PMC to make Pune a pig-free city

Jan 10, 2014, 06:36 IST | Niranjan Medhekar

To put an end to the nuisance created by the animals, Pune Municipal Corporation has decided to relocate all of them to a 15-acre tract in Mundhwa, by forming societies of pig owners

You won’t see them hogging the city streets for much longer. Pune Municipal Corporation (PMC) is planning to shift all pigs outside the city and to settle them in around 15 acres of barren land in Mundhwa, by forming societies of the animals’ owners.

A pig in the city: The additional municipal commissioner has delegated the task of conducting parleys with pig owners to his men, to explain this new project and convince them to shift their business to Mundhwa. File Pic

According to a recent survey by the civic body’s health department, currently there are 4,500 pigs in the city. The nuisance caused by pigs and their owners is mainly evident in suburbs and villages that have of late come under PMC’s jurisdiction. To find a solution, additional municipal commissioner Rajendra Jagtap called a meeting of officials from all wards and other concerned departments yesterday morning.

Wild things: The nuisance caused by pigs is evident in suburbs and villages

“We have delegated the task of conducting parleys with pig owners to explain this new project and convince them to shift their business to Mundhwa. It is quite challenging, as mostly this problem exists in slum areas, and changing the minds of the owners would not be easy,” said a ward officer on the condition of anonymity.

Additional municipal commissioner Jagtap said “We are planning to form societies with 25 pig owners in each. According to rules, like stray dogs, PMC cannot kill pigs either. Past attempts to catch them after receiving complaints from residents also did not succeed, as the community involved in this business got violent.

On the other hand, PMC does not have adequate facilities to carry out such a drive. That’s why, rather than just shifting the pigs from one area to another, we are planning to rehabilitate them.”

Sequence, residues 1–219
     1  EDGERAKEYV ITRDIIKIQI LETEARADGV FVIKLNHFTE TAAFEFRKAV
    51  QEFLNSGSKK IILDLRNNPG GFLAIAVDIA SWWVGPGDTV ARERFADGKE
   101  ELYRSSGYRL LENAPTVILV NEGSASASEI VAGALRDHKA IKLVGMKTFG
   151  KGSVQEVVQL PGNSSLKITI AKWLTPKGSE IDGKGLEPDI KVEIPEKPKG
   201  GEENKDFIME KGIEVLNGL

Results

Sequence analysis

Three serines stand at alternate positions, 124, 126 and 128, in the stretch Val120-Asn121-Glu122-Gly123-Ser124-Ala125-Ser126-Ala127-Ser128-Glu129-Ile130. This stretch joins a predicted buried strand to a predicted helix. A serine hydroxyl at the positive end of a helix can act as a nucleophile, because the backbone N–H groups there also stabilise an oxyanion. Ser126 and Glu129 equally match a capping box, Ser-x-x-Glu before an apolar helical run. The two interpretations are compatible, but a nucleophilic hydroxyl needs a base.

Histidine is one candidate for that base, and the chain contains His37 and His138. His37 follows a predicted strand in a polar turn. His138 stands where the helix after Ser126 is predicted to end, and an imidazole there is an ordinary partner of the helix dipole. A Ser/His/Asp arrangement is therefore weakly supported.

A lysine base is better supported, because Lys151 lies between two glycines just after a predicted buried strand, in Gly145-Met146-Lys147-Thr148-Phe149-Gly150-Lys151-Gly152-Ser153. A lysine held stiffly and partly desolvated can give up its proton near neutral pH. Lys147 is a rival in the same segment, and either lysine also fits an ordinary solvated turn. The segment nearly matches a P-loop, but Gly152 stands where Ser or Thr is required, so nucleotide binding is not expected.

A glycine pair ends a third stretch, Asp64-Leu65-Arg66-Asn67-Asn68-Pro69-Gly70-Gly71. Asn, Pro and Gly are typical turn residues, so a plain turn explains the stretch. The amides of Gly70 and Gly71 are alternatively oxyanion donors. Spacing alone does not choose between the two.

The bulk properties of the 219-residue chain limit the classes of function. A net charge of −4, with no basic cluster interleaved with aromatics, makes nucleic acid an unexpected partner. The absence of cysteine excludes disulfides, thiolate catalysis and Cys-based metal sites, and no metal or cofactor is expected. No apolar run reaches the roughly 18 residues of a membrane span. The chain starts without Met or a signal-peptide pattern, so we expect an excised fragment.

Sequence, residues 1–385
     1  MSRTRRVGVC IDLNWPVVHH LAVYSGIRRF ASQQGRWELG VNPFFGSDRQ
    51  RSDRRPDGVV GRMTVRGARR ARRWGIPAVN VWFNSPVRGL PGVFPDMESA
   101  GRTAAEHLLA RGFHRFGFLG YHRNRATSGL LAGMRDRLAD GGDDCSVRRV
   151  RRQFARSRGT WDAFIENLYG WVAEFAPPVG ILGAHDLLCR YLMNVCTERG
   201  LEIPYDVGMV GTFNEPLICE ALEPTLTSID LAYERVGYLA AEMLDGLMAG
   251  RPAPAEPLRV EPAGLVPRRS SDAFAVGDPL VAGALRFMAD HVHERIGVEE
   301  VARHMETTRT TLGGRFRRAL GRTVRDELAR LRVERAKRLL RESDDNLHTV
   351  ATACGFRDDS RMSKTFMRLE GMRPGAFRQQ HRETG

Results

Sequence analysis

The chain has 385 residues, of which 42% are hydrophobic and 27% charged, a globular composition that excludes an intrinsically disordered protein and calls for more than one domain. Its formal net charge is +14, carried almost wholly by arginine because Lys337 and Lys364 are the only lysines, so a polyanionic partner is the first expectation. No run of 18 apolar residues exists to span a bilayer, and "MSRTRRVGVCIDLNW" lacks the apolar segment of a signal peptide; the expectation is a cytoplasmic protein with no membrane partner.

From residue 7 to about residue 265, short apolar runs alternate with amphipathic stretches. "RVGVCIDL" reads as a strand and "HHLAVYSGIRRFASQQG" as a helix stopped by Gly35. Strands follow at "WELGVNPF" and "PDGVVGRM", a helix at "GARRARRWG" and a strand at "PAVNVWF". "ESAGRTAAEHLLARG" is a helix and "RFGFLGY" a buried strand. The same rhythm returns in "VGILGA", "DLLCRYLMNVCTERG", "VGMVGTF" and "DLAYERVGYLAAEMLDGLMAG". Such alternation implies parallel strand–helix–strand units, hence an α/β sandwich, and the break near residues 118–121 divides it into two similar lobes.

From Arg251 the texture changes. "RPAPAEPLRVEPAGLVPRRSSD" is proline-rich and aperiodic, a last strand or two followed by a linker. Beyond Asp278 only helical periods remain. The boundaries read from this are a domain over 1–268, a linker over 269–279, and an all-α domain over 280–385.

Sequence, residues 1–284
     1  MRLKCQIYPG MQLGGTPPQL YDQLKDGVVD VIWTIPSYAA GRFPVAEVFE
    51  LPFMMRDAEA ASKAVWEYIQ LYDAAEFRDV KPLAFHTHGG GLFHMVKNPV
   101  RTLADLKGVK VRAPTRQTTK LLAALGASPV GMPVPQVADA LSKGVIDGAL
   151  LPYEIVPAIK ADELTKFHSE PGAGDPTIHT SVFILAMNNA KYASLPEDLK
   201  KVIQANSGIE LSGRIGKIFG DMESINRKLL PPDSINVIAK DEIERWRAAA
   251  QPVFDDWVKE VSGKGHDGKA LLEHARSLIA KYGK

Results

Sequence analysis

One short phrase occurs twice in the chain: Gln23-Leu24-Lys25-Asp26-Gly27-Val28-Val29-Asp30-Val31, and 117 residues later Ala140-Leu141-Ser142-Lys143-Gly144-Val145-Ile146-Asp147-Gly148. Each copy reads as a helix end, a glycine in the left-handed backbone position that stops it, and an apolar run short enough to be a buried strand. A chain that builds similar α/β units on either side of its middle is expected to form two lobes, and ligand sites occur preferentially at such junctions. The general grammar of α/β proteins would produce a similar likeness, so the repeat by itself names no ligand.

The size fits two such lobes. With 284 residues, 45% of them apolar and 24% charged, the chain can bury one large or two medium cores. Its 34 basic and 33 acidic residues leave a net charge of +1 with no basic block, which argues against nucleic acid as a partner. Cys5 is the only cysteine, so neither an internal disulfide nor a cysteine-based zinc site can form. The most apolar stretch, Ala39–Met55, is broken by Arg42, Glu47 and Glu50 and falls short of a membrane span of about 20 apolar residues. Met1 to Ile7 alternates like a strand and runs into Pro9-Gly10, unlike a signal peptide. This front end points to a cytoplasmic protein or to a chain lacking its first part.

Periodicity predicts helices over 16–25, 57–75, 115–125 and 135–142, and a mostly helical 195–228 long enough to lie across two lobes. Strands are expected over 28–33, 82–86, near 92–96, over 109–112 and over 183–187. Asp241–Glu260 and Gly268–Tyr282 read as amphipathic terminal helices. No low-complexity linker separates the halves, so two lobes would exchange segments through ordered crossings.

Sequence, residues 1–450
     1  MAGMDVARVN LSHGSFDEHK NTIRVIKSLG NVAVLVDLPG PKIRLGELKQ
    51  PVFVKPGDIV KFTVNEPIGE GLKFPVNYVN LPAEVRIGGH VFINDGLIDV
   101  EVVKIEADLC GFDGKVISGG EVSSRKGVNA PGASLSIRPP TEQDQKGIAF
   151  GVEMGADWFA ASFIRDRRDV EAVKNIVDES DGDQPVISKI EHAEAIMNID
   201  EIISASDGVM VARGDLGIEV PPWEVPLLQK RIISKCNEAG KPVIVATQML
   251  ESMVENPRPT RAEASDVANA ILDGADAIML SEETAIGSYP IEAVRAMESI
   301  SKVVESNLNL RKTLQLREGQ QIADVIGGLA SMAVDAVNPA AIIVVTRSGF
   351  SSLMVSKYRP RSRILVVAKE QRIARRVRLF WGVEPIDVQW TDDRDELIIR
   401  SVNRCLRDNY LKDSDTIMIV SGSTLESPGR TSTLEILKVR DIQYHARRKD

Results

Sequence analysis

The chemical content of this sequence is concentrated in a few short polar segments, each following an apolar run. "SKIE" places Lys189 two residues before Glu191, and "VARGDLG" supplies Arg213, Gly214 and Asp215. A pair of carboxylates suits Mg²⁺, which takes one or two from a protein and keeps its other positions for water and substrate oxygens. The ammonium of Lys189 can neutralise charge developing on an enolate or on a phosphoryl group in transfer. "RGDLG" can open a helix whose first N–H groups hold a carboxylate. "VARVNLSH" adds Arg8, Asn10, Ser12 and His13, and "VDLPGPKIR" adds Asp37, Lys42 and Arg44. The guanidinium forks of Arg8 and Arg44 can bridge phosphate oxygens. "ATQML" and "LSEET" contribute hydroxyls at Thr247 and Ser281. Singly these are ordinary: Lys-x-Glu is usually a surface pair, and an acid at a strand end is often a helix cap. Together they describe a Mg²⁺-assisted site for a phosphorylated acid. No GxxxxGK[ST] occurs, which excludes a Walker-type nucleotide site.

“After forming societies, we will allot specific plots to each group. Apart from land, we will provide them water and approach roads too,” he added. In the past, instances of pigs turning violent and attacking people have been reported several times. “I remember one man being admitted to a private hospital after getting badly injured in such an episode,” said Dr ST Pardeshi, head of PMC’s health department.

RT Shinde, deputy municipal commissioner of PMC’s land and estate department, said, “In Mundhwa area, PMC has 85 acresof barren land. Out of this, we can apportion 15 acres for this project.”

“The main hurdle in running this scheme is that unlike for cattle, identifying pig owners is quite difficult. Another probability is that if we allot land directly to the owners, they might sell it to others and return to the city. That’s why we are going to designate plots to societies and not individuals,” Shinde added.

‘Not the answer’
Meanwhile pet lover and unit head of People for Animal NGO Manoj Oswal opposed the move of PMC, saying this will not solve the problem. “Pig farming is bread and butter of many families. So, ideally PMC should take action against those who are running this business illegally, and pigs owned by them wander about dustbins and drains. Shifting all pigs outside the city is not the answer,” he said.

“What kind of environment PMC is going to set up for the project also remains to be seen. If they are just going to dump the pigs outside the city, then I have serious objections,” Oswal added.  

Approximate no of pigs in areas under PMC’s jurisdiction

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